Bastille Day, Gilbert Du Motier Marquis de LaFayette, George Washington and Mount Vernon
How these two important men and places are connected.
During your class trip to Washington and Mount Vernon, you will hear the name Lafayette a lot. Lafayette played an important part in 2 revolutions. Alongside George Washington he would fight for the cause of American Independence and then back in France he would be a key player in the events of 1789.
Lafayette and Washington had a closer bond more akin to father and son then General and superior officer. Having lost his father at a young age Lafayette looked up to General Washington and the General took him under his wing. He was a dedicated and passionate fighter. Blaming the British for the death of his father the opportunity to fight along the Americans against the British.
He would lead the fight at Brandywine and be injured. Washington would cited him with “bravery and military ardour”. He would take a short leave to return to France in 1778 and return to the US in 1780 to fight again. Alongside Hamilton he would play a crucial role in the Siege of Yorktown to defeat the British once again.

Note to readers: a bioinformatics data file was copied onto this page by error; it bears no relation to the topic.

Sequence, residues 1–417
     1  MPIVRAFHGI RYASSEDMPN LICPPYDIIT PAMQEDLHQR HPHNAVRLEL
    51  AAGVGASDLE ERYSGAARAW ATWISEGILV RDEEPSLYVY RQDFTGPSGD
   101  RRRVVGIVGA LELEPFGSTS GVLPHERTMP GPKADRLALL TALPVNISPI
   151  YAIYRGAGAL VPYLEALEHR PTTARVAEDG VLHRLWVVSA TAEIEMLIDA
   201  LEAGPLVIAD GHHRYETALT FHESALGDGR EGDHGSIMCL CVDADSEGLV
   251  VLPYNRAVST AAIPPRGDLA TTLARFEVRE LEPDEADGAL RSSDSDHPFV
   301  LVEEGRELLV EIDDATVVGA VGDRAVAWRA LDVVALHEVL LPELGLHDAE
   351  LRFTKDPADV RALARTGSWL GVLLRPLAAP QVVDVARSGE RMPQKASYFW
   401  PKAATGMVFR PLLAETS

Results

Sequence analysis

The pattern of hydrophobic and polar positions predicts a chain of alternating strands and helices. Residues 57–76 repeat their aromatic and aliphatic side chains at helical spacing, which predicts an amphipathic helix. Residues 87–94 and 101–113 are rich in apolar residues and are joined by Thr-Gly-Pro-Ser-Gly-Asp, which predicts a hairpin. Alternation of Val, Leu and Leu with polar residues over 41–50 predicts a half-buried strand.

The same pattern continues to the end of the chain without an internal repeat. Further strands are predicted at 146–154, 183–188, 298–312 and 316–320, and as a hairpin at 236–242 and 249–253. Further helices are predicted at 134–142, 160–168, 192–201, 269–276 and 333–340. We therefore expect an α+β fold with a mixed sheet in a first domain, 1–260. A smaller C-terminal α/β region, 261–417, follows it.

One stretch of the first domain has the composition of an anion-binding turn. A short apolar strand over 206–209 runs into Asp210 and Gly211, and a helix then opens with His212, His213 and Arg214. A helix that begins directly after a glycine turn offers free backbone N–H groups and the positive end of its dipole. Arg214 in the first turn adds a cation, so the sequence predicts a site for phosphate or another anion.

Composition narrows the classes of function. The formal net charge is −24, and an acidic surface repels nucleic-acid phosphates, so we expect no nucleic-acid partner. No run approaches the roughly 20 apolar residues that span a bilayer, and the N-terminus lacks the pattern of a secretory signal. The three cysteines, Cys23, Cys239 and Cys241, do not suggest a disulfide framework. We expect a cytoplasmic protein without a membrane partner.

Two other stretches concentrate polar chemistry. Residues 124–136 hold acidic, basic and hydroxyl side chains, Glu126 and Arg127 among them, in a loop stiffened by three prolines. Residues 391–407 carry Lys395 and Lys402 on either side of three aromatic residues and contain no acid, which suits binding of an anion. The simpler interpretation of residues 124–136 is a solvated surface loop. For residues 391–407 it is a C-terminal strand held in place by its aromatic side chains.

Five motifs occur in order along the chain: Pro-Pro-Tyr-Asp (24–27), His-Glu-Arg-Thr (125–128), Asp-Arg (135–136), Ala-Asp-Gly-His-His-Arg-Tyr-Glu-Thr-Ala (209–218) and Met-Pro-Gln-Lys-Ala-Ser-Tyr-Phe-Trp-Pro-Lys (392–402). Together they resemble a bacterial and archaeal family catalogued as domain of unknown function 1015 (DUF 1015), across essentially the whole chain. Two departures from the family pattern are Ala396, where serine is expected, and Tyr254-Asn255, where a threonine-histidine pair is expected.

He would eventually return to France and become the head of the National Guard there. In 1789 the “Storming of the Bastille”, a symbol of royal tyranny, it would become a symbol of the french Revolution and would change the course of events for France.
He served in the National Assembly and drafted the Declaration of the Rights of Man. He proudly sent the key to the Bastille to Washington, who was serving as the President of the United States.
So when you and your students travel to Washington DC on your educational tour or class trip to Mount Vernon remember to ask about the key. The key to the Bastille hanging in the foyer of Washington’s home and resting place.
Image courtesy of Mount Vernon Ladies Association, Source History.com and MountVernon.org